Inner City Helping Homeless ‘got no help in handling fallout of sex assault inquiry’
The former trustees of a homeless charity have criticised the Charities Regulator for its “lack of action” or support after sex assault allegations against the charitable organisation’s chief executive sparked scandal.
David Hall, the former chairman of Inner City Helping Homeless (ICHH), criticised the regulator for its “belated” response to the crisis, which was sparked by the criminal inquiry into the charity’s co-founder Anthony Flynn, who has since died.
After months of turmoil, ICHH was closed for good last Monday following a petition by the regulator.
It is understood an independent investigation commissioned by the previous board in one of its last acts has now been shelved.
In a scathing letter to the regulator last weekend, Mr Hall expressed “outrage” that the independent review has been discontinued.
“I believe the Charities Regulatory Authority has a duty of care to support and help directors, little of which was shown during this difficult time,” he wrote.
The crisis unfolded after two homeless men contacted gardaí in May separately, each alleging Mr Flynn sexually assaulted them at home. Both men had used ICHH’s services, according to a report by Mr Hall.
Gardaí launched a criminal investigation but Mr Flynn did not inform the board of the charity. Mr Hall found out in July when gardaí sought records from the charity.
Mr Flynn was suspended and later took his own life. He had denied the allegations and his death generated anger in the north Dublin inner city community. Mr Hall resigned from the charity after he was told his personal safety was at risk. Other resignations followed, leaving the charity with just one remaining director, Ann Birney.
Ms Birney asked the High Court to appoint a provisional liquidator to examine the options for the homeless charity. The Charities Regulator moved weeks later to wind up ICHH and have inspectors appointed to investigate the finances and employment procedures in the organisation.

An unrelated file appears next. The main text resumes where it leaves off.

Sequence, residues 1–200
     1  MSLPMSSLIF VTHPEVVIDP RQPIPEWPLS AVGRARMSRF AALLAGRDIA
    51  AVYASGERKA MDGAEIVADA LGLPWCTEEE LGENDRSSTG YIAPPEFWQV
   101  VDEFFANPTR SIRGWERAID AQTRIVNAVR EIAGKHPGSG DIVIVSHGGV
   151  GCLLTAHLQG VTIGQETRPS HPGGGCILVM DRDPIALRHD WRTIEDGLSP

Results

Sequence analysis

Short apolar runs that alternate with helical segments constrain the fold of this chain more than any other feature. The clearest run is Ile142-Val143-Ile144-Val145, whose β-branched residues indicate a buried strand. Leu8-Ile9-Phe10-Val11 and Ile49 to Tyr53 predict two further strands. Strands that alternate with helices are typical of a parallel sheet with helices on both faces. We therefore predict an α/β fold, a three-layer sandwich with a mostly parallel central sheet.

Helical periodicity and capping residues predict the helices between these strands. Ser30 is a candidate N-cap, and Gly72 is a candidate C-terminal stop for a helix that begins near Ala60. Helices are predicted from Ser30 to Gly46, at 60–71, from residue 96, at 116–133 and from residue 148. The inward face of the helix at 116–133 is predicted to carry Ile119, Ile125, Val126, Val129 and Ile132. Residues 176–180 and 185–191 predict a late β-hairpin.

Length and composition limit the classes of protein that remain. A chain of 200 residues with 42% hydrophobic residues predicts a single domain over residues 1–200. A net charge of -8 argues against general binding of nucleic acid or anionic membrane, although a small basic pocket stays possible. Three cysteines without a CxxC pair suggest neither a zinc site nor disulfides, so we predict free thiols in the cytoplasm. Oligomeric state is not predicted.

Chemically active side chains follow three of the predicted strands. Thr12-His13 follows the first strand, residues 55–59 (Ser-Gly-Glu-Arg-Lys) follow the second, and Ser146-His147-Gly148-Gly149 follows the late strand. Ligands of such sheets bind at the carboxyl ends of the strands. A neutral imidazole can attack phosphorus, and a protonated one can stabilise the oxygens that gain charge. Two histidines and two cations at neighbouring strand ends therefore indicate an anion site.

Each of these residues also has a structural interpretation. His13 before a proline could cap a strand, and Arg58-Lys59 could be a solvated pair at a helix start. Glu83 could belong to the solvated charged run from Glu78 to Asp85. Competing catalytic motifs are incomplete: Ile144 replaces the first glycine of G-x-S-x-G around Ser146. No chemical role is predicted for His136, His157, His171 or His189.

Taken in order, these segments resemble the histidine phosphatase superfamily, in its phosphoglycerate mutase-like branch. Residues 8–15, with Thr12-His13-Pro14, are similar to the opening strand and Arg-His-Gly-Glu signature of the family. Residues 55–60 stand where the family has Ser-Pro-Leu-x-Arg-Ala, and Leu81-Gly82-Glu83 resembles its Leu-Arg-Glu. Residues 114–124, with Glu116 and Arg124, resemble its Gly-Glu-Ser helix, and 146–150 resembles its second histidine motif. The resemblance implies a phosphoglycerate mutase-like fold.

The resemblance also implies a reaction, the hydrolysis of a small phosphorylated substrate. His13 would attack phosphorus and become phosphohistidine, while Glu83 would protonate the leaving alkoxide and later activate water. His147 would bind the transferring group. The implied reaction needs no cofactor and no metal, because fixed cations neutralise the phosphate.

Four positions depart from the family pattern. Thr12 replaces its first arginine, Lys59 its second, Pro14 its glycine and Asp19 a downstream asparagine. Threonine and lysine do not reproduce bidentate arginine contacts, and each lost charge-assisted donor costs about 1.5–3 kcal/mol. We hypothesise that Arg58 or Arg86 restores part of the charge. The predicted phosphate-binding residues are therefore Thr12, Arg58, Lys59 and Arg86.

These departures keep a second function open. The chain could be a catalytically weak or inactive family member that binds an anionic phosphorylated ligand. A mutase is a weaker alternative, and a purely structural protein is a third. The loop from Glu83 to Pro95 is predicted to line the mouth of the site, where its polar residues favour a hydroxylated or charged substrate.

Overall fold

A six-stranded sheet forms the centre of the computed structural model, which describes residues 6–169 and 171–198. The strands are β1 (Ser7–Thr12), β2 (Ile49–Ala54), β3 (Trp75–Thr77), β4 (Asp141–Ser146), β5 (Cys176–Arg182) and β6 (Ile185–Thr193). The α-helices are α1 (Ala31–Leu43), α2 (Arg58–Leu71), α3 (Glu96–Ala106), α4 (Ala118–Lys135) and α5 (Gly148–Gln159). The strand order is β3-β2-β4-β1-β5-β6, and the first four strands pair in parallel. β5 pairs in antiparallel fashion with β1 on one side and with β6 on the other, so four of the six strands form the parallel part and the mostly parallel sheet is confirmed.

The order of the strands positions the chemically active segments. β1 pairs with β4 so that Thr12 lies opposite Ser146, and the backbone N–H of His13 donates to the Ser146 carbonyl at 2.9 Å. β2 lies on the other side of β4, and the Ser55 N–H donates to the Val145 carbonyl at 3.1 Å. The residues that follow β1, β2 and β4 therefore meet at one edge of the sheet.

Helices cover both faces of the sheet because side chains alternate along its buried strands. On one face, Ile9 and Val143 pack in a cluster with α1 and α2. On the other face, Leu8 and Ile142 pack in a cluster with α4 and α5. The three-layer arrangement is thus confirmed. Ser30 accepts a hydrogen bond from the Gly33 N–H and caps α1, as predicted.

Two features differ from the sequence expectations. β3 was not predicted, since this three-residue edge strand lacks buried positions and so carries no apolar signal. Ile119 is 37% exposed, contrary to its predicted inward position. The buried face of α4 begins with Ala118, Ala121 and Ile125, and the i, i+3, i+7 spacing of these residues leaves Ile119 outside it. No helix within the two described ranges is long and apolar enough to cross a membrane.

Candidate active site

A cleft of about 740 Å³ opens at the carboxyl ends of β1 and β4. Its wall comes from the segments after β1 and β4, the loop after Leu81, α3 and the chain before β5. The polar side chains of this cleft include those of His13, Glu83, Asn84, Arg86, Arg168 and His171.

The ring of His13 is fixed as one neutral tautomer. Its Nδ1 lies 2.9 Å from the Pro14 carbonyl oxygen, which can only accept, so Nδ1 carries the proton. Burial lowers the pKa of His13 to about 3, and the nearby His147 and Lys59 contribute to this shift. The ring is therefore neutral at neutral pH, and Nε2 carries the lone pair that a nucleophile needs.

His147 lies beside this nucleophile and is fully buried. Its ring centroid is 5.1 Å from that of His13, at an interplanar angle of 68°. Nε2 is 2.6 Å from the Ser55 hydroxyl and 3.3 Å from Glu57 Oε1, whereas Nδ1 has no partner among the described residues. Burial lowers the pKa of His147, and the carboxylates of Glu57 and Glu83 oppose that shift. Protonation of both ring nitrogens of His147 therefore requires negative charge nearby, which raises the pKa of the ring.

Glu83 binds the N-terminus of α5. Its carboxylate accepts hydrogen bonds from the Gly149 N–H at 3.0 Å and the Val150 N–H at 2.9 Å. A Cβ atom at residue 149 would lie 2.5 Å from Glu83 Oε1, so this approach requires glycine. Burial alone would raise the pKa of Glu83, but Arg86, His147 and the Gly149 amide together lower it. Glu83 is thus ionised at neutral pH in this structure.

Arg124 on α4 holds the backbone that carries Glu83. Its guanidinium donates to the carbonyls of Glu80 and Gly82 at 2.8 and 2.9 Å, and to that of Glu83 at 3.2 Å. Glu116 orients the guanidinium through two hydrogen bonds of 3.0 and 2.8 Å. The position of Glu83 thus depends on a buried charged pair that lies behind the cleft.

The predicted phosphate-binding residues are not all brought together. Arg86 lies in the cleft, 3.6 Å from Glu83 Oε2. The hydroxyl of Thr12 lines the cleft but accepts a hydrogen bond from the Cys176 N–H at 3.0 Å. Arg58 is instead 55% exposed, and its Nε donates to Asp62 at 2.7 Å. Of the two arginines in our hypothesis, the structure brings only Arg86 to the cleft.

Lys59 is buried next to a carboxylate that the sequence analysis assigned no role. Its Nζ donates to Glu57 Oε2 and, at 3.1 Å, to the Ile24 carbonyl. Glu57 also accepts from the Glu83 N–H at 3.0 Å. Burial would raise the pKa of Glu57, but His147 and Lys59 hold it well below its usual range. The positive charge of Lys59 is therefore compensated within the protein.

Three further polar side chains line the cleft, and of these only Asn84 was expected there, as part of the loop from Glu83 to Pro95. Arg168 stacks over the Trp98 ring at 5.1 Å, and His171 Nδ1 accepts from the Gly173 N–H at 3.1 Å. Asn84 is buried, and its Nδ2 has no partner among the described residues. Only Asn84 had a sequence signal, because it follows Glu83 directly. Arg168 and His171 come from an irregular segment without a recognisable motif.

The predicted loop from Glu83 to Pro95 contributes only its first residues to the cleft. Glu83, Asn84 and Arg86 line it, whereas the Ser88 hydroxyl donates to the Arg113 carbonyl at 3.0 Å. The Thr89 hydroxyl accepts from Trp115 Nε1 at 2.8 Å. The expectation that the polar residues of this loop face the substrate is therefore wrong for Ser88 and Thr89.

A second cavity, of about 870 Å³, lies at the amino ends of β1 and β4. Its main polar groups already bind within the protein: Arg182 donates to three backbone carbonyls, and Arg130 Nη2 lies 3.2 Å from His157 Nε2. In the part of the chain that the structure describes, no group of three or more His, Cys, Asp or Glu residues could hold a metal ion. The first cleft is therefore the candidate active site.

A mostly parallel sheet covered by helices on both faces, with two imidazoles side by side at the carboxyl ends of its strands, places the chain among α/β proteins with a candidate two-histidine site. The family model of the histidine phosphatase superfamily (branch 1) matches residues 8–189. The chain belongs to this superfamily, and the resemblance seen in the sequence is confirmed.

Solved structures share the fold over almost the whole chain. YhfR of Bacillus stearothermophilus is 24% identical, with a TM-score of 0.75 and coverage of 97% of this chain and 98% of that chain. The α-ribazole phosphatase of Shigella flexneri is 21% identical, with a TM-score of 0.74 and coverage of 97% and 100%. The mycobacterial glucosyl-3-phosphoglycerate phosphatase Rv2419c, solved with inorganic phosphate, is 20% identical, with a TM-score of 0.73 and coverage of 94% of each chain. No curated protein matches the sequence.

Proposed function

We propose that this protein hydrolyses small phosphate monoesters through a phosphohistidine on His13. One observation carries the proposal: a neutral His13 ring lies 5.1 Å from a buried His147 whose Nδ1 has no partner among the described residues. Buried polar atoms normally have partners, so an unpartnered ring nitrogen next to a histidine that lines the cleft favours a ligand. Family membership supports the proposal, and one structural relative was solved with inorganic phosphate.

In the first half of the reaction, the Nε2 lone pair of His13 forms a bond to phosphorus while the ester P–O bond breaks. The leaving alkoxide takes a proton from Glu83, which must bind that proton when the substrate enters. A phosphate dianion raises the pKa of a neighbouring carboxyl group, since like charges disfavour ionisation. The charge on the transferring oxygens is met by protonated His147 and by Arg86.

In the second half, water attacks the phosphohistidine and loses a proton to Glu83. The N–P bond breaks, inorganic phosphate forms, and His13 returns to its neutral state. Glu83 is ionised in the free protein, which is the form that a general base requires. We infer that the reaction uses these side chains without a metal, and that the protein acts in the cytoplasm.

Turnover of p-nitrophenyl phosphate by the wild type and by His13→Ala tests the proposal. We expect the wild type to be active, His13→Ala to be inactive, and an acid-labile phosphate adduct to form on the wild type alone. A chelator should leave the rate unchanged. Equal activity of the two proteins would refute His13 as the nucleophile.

In his letter, Mr Hall said that as the scandal unfolded in August he wrote to the Charities Regulator asking for assistance. Instead of offering advice, Mr Hall was referred in a “quite dismissive” email to the regulator’s website.
Mr Hall said the regulator only became involved after the trustees of the charity had gone to the High Court to ask for the charity to be placed in the hands of provisional liquidator. This was “akin to appointing a medical team to a corpse”.
The issues the charity faced included a “plan to take back the charity” in which members voted against the board, and the recovery of “significant” records and a laptop that belonged to the charity. These had been taken by Mr Flynn to work from home during the pandemic but the charity could not get them back because of the relationship with his family.
“Given the relationship between the directors and the former CEO’s family following his death and given that the family were blaming the board, it was not possible to retrieve these,” Mr Hall said.
“This was a very tense and difficult situation during which time the board received no assistance or advice from the Charities Regulator.”
He asked the regulator to expand the inspectors’ brief to include the regulator’s own response to the crisis as well as the response of the trustees.
“I am outraged that given the serious allegations and the tragic death of our former CEO, that your actions would close the independent investigation commissioned by the former board through Remy Farrell SC and, instead, you have switched your focus at considerable cost to the company’s administration, deflecting from the real issues that arose,” he wrote.
Mr Hall said alleged victims are still seeking counselling, with one man contacting a former director “in recent days”. He claimed these were the actions the Charities Regulator should have considered. Instead, he said, the inspectors are “duplicating” the work of the liquidator, creating unnecessary additional expense.
He said the inspection — with its focus on governance and employment procedures — “deflects from the sexual assault allegations and actions taken that ensued. In my view, this is extremely disingenuous.”
In a statement the Charities Regulator said it “appointed inspectors to carry out a statutory investigation (under Section 64 of the Charities Act 2009) into the affairs of Inner City Helping Homeless in October 2021. It would not be appropriate for the regulator to comment while this investigation is ongoing”.
A Garda investigation into the allegations against Mr Flynn is expected to conclude shortly with a file sent to the Director of Public Prosecutions, although charges are not expected.